1. Where most retreats cater to luxury consumers, yogis, or spiritual seekers, The Blue Dome is a retreat for women who wish to hone new emotional, physical, psychological, spiritual tools to transform limited and limiting beliefs about past intense experiences.
  3. What makes your approach/ project/ initiative/ research so important, notable or special?
    1. The Blue Dome is a restorative and safe place where women create community; they repose in physical, emotional and psychological comfort, and take part in creative and healing art activities that help them realize one thing: survivors don’t simply survive, they Artfully Transcend. Any survivor has the potential and ability to transcend all types of violence and circumstance.
  4. What are your desired outcomes / goals?  What is your vision?
    1. My goal is for the women to realize during their stay, that their past traumas were divine lessons in disguise.
    2. My vision is that they will come to learn that their survivor status is actually a call to contribute in global healing though their unique expression of leadership in their everyday lives.

I hope this is helpful, do share your elevator speech should you feel so inclined. I will offer constructive critique if you do!

Shawndel

Heritage Music Day: Evolution of Gospel


This is an oldie but goodie; this song “Optimistic” by Sounds of Blackness is from the “Evolution of Gospel” album, and it holds amazing memories for me. I was a camp counselor at St. Mary’s Episcopal Church, the oldest (and most radical) Episcopal church in Harlem, New York City, and the self chosen spiritual home off my youth. It was there, on 126th Street and Old Broadway / St, Mary’s place that I took my first communion, I first interacted with live chickens and turkeys, served on the altar, and sang in the junior choir. I learned that it is good to be a P.I.T.A. (pain in the ass) to oppressive authority (thanks to then head priest Rev. Robert Castle, (Jonathan Demme’s cousin), and I learned to open my heart, mind and social space to people who live without homes, and with HIV/AIDS. St. Mary’s Episcopal Church taught me deep compassion for people, and each week I witnessed unconditional acceptance as people of many persuasions served on the altar, sometimes to the displeasure of the Cardinal. St. Mary’s Episcopal ushered me into a noble adulthood that I cherish to this day.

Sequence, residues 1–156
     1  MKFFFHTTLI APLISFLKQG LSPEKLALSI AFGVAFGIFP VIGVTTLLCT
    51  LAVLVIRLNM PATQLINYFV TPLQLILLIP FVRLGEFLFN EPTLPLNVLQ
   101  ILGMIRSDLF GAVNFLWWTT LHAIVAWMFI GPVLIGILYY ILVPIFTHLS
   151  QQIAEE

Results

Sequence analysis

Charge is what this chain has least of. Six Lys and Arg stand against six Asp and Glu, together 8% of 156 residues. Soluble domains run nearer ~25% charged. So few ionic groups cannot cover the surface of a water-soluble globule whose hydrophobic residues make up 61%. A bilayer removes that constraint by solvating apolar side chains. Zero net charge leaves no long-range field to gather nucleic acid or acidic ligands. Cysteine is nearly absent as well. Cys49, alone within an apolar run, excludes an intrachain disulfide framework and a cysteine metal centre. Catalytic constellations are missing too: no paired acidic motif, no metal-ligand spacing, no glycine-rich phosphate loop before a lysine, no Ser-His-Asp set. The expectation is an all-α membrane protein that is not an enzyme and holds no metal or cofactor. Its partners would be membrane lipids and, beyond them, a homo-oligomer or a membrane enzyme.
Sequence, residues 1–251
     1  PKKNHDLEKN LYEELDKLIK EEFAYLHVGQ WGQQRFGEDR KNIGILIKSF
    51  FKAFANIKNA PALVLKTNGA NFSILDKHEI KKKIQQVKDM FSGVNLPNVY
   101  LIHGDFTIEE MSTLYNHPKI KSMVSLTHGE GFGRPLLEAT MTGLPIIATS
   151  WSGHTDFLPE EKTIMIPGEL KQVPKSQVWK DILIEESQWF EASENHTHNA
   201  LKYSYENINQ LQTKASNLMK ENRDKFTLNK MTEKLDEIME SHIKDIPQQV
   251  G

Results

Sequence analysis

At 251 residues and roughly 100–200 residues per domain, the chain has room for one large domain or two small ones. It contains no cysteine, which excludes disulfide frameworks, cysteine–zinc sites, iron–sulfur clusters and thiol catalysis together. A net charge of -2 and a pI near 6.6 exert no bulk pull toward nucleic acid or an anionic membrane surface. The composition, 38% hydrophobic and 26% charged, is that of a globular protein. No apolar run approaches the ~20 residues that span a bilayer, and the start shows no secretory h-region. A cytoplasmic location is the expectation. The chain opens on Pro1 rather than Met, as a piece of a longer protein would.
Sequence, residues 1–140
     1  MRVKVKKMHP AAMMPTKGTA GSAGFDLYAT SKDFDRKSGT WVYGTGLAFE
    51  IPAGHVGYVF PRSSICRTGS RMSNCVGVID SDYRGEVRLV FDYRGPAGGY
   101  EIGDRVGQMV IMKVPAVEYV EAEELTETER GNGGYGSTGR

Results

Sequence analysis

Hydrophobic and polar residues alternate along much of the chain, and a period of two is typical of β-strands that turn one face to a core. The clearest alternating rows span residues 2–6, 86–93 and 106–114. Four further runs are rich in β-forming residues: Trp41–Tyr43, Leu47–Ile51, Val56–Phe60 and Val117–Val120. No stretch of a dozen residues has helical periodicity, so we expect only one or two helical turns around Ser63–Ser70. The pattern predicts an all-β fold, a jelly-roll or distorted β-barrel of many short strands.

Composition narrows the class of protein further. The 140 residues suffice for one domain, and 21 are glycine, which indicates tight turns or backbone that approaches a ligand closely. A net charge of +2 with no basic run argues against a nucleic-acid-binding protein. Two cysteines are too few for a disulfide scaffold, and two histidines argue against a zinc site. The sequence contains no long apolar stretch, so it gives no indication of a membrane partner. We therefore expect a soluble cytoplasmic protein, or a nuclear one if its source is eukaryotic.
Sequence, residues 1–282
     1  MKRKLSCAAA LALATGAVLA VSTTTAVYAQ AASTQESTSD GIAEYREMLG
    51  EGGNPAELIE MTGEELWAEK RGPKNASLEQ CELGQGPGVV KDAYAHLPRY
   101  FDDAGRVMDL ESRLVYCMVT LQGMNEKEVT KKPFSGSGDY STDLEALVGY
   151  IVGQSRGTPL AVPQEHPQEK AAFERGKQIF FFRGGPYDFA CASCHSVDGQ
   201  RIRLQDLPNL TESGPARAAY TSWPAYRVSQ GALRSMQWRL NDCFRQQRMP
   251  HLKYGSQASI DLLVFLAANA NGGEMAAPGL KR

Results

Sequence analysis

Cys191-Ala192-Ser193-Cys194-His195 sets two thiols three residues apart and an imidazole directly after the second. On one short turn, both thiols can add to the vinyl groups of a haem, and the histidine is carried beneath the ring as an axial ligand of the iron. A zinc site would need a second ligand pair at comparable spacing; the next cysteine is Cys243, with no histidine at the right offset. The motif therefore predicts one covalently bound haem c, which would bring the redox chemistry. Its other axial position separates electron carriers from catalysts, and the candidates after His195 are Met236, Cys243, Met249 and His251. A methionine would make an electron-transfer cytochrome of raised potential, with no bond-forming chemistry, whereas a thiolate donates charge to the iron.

In 1993, I served as a summer camp counselor, and we created a closing ceremony for our campers that required all camp staff and students to take part. We all marched and danced to this song together, and it caused us to share and develop a deep appreciation for that moment in time with every replay of the song during our many weeks of rehearsal. The adult camp counselor with the greatest seniority, Tim Collins passed not too long after our summer camp, but I remember his humor, his candor, his loving family and well….his candor 🙂 He was the glitter on many of my summer moments. Although he left us, he also left an indelible mark that I remember every time I play this song.

I share this song with you almost 20 years later because it still moves me. I still sensorially reconnect with St. Mary’s altar, where I served as altar girl, choir member and camp counselor. Everyone has challenging and heavy days that seem endless and consuming, but the Sounds of Blackness tell us “You can win! As long as you keep your head to the sky!” I remember Tim chose this song. Although it seems difficult today, remember that tomorrow is a new day, and it holds infinite possibilities for happiness. “Keep, keep on…”